Surviving, Yet Living With Guilt – What Can You Do to Cope?

A sad, stressed looking male - Surviving, Yet Living With Survivor Guilt

Have you experienced a traumatic event and are now struggling with feelings of survivor guilt?

It can be challenging to have lived through such an experience when others did not.
Knowing how to cope can help you with getting through this difficult time.

What is survivor guilt?

Survivor guilt is when you experience guilty feelings associated with having lived through a trauma. For example:

  • Suffering a car accident
  • Becoming the victim of a crime
  • Experiencing an act of terrorism
  • Being in or affected by a war
  • Enduring a disaster such as a flood, hurricane, or earthquake

The term survivor implies that others died during the event while you lived. The result is that you may feel guilty and even shame for having made it through the experience when others did not.

These feelings can manifest themselves in several ways.

What are the symptoms of survivor guilt?

There are many symptoms associate several with survivor guilt. These include:

  • Trouble sleeping
  • Nightmares, especially of the event
  • Flashback to what happened
  • Depression
  • Feelings of helplessness
  • Thoughts of suicide

Although these are difficult symptoms to endure, there are ways that you can manage survivor guilt.

How?

Don’t hold back your feelings

After surviving a tragedy, there will be a lot of emotions swirling around. Allow yourself to feel those emotions.

Don’t be tempted to hold them in because you think you need to put up a brave face. If you do, those feelings will only linger and in the long-term cause more damage. Rather than helping you move forward from the event, denying your emotions will keep you stuck in it.

There are healthy ways that you can express your emotions without them overwhelming you. You might find that activities such as writing, making music or creating art provide a safe way for you to express your feelings. Whatever you do, know that it is okay to acknowledge that you are hurting right now.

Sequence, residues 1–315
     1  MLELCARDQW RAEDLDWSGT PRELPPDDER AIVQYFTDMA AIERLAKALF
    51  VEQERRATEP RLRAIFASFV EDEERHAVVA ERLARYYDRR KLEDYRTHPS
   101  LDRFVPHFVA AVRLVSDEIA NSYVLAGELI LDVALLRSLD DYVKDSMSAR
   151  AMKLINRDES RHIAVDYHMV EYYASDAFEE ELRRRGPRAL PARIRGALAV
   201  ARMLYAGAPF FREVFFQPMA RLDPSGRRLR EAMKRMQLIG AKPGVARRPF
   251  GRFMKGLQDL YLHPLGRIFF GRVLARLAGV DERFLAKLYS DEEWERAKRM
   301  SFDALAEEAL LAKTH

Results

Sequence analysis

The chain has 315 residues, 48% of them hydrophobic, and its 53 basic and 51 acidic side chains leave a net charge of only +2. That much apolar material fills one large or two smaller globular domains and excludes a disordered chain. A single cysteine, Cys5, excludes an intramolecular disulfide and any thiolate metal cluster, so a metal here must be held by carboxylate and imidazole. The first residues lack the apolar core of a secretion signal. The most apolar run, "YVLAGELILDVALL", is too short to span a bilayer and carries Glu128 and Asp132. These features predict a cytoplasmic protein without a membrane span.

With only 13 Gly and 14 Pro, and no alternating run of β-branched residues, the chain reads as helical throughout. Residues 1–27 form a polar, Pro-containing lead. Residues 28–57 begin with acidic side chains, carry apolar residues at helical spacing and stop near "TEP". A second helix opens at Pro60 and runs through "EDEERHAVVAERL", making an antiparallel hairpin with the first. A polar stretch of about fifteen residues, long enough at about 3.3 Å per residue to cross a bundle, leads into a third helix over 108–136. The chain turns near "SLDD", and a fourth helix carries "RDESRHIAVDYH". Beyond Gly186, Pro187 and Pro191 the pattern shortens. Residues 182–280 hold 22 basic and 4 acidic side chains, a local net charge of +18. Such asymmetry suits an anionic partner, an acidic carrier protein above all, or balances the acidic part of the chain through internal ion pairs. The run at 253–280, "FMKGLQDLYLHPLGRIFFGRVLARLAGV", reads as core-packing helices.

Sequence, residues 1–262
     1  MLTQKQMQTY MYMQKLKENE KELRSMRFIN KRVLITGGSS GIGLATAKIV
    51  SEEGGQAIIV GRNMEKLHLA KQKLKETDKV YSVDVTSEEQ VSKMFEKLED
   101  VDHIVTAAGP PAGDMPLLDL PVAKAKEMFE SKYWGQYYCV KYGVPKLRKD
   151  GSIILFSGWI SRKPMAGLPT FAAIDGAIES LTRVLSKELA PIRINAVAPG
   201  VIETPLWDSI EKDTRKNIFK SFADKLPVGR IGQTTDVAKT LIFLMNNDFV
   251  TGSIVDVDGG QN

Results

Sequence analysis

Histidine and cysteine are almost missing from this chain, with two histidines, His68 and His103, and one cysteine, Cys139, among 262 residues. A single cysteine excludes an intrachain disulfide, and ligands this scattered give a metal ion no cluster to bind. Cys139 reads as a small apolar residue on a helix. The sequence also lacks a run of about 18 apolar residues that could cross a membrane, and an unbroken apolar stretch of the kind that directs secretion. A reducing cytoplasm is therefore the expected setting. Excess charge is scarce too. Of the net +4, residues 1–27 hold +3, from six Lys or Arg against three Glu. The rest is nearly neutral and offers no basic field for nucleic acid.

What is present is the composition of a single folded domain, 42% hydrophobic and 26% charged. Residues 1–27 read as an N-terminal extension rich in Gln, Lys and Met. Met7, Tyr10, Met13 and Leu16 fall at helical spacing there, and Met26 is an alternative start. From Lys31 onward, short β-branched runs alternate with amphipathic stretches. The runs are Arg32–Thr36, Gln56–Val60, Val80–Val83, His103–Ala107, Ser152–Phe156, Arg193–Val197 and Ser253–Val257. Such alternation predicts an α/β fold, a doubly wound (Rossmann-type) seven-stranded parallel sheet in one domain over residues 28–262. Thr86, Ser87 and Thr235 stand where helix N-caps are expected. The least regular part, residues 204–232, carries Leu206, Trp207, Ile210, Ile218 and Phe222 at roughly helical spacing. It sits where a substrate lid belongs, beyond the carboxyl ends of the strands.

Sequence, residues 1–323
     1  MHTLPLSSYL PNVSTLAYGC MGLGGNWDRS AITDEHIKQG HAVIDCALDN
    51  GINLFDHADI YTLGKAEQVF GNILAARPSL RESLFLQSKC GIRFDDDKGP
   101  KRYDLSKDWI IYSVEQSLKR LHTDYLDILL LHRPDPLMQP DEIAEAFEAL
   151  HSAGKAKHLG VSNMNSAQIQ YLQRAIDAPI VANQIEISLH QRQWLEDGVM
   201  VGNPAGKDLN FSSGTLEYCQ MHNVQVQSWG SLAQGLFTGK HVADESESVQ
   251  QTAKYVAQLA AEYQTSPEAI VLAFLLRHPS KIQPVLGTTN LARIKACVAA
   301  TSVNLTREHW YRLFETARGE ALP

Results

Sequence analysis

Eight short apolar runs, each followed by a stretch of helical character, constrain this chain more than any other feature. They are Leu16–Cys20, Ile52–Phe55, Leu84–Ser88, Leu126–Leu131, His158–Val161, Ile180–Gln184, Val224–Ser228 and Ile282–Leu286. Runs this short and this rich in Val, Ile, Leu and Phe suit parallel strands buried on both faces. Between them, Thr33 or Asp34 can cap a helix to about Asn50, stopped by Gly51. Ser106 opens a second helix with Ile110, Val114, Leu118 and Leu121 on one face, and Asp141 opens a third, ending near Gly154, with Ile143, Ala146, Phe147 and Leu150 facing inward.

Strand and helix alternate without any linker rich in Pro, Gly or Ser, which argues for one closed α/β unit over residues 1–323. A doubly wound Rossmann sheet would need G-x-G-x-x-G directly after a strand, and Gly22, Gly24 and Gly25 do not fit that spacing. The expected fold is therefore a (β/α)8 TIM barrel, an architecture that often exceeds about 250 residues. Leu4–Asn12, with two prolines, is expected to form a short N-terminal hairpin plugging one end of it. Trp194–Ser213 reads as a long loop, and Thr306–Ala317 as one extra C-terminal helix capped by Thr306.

Take care of yourself

When you are coping with the feelings linked to survivor guilt, it’s not uncommon for other aspects of your life to fall by the wayside. Depression is one of the common symptoms of survivor guilt, so you might well lose motivation to do anything. Things that you once enjoyed doing might have lost their pleasure and have become more difficult.

Yet, you need to take care of yourself while you get through this gruelling time. For example:

  • Maintain a healthy diet
  • Get enough sleep each night
  • Watch out for oversleeping or insomnia
  • Exercise
  • Stick to your schedule of taking prescription medication if you already take them
  • Avoid drug use or drinking too much alcohol

Find closure

Another thing that you can do to cope with survivor guilt is to find closure through a ceremony. Ceremonies are important in human culture to mark new beginnings, celebrate milestones, and to mourn the passing of others.

Funerals can serve this purpose, but they don’t always create the closure needed. Instead, you can create your own ceremony. Some examples include:

  • Building a marker in the woods, reciting a passage, then scattering the marker
  • Visiting the deceased’s favourite place
  • Writing a letter to the person you have lost, then burning it

Keep in mind that a ceremony can also mark a transitional moment for yourself.

Don’t be afraid to ask for help

While there are many things that you can do on your own to cope with survivor guilt, it is essential to get help from others, too. Isolating yourself only exacerbates the problems associated with survivor guilt.

Consider these ideas:

  • Talk to close friends and family members about the experience
  • Reach out to other survivors of the event
  • Join online groups to find others with similar struggles
  • Take part in face-to-face support groups
  • Talk to a therapist who understands survivor’s guilt and grief

Feeling guilt associated with surviving a traumatic experience can be crushing. However, there are many things in your control that might help you cope.

Never be afraid to reach out for help from others. It is essential to know that you are not alone. There are others out there that have similar life experiences and understand what is going on within you.

Getting further help

If you feel you are at risk of suicide, get help immediately. You can call the Samaritans on 116 123 24-hours a day. Check out our crisis management page for further resources that can help in a crisis.

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